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The New American
The New American
22 Jul 2023
Luis Miguel


NextImg:Recent SCOTUS Decision Highlights Growing Schism Between States
Delpixart/iStock/Getty Images Plus
Article audio sponsored by The John Birch Society

The cracks in the union are deepening as polarization and the national divide grow. Even the highest court in the land seems at a loss as to how to respond.

A recent Supreme Court case dealing with state economic regulations resulted in a rare divide that transcended the usual ideological lines.

The case looked at California’s Proposition 12, which establishes a requirement that pig farmers, both in-state and out-of-state, give more space to mother pigs if they want authorization to sell their pork in the Golden State.

The Supreme Court ultimately upheld Proposition 12 by a close 5-4 margin. In the majority were conservative justices Neil Gorsuch, Clarence Thomas, and Amy Coney Barrett, joined by liberals Elena Kagan and Sonia Sotomayor.

Meanwhile, the minority consisted of conservatives John Roberts, Samuel Alito, and Brett Kavanaugh, joined by liberal Ketanji Brown Jackson.

The majority argued that California was within its right to regulate pork according to the specifications outlined in Proposition 12, as the state’s rules apply equally to in-state and out-of-state producers of pork.

But the dissenting justices contended that the court should have taken into account the economic effects the California law has on interstate commerce. In total, the justices authored five different opinions supporting the majority opinion, with different combinations of justices jumping onto each one.

As Politico notes, the decision left questions unanswered, leaving the door open for further political battles between states and businesses:

The court’s fractured majority didn’t answer how it would rule on the types of laws that are almost certainly coming next. As Kavanaugh raised in a separate opinion, if California can dictate how pigs are raised in Iowa, can “a state law prohibit the retail sale of goods from producers that do not pay for employees’ birth control or abortions (or alternatively, that do pay for employees’ birth control or abortions)?”

… In California, [Gov. Gavin] Newsom vowed to cut ties with Walgreens this spring because the company said it would stop providing the abortion drug mifepristone in 20 states, mostly where abortion was banned or restricted. Nothing Walgreens was doing in those states was going to affect California residents, but Newsom made clear he was eager to throw California’s weight around in order to push his team’s moral preferences. “California is on track to be the fourth largest economy in the world and we will leverage our market power to defend the right to choose,” he said in a statement at the time, though the state did continue some business with Walgreens.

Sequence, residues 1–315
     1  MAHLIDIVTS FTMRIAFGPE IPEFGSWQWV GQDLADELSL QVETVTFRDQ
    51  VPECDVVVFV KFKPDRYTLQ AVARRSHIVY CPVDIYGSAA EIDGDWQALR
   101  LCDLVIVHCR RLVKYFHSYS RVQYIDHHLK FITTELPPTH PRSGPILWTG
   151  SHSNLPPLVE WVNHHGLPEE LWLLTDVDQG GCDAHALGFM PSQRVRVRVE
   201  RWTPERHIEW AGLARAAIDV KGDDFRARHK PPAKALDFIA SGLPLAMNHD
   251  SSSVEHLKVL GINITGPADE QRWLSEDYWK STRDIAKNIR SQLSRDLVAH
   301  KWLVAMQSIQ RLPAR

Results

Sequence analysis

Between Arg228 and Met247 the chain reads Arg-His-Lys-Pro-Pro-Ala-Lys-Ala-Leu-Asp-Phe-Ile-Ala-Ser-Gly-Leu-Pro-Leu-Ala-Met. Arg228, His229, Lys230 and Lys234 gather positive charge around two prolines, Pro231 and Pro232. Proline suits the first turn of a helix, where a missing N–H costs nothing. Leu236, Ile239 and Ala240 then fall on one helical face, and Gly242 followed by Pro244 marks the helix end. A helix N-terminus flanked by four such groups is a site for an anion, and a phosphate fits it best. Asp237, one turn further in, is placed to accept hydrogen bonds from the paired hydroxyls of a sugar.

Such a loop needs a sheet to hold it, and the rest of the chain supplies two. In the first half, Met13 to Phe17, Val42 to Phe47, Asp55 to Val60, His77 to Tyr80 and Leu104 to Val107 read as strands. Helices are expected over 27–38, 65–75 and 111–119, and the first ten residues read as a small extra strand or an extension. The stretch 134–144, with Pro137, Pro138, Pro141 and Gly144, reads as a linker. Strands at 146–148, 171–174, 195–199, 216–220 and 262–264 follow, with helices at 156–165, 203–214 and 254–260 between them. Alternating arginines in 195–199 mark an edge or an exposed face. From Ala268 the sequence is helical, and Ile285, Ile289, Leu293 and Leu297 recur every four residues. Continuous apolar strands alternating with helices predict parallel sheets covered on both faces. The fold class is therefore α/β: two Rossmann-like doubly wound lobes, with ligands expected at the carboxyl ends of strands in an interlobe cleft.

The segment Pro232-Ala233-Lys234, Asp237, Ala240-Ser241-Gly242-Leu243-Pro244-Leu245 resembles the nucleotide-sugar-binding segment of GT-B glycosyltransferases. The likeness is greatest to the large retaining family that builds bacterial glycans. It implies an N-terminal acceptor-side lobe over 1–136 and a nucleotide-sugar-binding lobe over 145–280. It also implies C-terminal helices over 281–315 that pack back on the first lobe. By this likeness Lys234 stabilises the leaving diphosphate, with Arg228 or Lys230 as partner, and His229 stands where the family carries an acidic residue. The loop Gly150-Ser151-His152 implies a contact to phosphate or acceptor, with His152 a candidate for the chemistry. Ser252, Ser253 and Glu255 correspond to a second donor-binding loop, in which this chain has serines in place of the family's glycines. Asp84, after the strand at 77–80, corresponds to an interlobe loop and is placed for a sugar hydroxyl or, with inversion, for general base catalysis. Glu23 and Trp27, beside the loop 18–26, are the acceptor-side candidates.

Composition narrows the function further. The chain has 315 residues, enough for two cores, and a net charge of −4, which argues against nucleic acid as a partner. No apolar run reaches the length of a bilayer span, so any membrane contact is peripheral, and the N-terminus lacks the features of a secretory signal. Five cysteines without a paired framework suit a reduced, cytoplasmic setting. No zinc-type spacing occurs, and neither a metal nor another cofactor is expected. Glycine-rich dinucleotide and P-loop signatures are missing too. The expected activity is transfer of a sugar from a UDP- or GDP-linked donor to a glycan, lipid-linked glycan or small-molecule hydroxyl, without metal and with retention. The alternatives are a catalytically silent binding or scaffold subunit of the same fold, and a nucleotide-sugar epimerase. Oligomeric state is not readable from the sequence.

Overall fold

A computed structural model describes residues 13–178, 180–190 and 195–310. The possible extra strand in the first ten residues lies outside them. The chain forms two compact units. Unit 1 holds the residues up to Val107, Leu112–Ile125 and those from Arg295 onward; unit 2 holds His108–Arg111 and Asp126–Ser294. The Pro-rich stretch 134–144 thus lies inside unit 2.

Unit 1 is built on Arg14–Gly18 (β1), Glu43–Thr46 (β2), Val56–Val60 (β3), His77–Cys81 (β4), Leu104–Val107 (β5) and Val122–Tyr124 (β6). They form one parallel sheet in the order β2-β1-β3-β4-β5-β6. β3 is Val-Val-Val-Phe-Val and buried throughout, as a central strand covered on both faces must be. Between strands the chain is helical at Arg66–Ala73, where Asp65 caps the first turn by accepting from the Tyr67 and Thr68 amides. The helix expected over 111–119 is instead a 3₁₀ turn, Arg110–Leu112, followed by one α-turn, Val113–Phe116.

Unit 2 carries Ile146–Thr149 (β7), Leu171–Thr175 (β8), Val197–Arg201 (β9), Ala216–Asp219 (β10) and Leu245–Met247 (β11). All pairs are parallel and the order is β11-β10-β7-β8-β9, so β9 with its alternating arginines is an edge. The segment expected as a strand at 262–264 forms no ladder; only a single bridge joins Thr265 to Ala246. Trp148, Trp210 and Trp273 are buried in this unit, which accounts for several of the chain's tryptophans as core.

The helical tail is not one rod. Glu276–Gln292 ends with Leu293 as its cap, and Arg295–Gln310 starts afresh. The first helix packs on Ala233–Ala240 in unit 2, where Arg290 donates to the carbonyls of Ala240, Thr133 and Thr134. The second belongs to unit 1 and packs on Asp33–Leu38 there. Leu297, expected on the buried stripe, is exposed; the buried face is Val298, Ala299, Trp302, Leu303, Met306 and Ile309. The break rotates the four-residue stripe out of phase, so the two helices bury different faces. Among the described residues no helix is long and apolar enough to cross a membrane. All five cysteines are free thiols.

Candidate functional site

Florida is another example of a state that, under the leadership of a governor who is a hardline ideologue with the support of majorities of his party in the Legislature, has used the bully pulpit of the governorship to take actions that, though obviously limited to his own state’s borders, have a potential domino effect of affecting firms’ business practices throughout the country.

For example, DeSantis signed a law banning social media companies from kicking political candidates off their platforms. Just as California’s Proposition 12 ultimately affects the pork industry practices of other states (that is, so long as the companies in these states do not want to lose access to the lucrative California market), Florida’s law puts pressure on social media firms to apply these standards throughout the country.

Another aspect of the debate is the way in which states can use their regulations to coerce change in other states. As with the possibility raised by Kavanaugh above, states could put strict ideological, partisan rules on the products from other states.

A large state such as California, for instance, could require that firms wanting to do business in its borders must allow the employment of illegal aliens and refuse to cooperate with federal immigration authorities. Or that they must offer funding for their employees and employees’ children who want sex-change treatment.

These companies would then change their entire nationwide company policy to avoid losing business in California. And small states that depend on exports might even find themselves obliged to pass laws in accordance with the whims of California in order to remain economically competitive.

Of course, it could go the other way. Florida or Texas could pass laws prohibiting companies from offering their employees funding for trans procedures. To appease these states, the businesses would then implement that policy across the nation.

Sarah Isgur, the Justice Department spokeswoman under Jeff Sessions during the Trump administration, wrote at Politico:

These new maneuvers have been wildly effective for governors such as Newsom and DeSantis, and will no doubt be imitated by more and more states — yet they also point to a chaotic future, with business, travel and the flow of basic goods even more politicized and at the whims of leaders that only a small fraction of the public have any say over electing.

Given the ever-more fractured nature of the American political landscape, it’s likely that states will double down on wielding this form of legal, economic warfare to shift national policy in the absence of congressional legislation.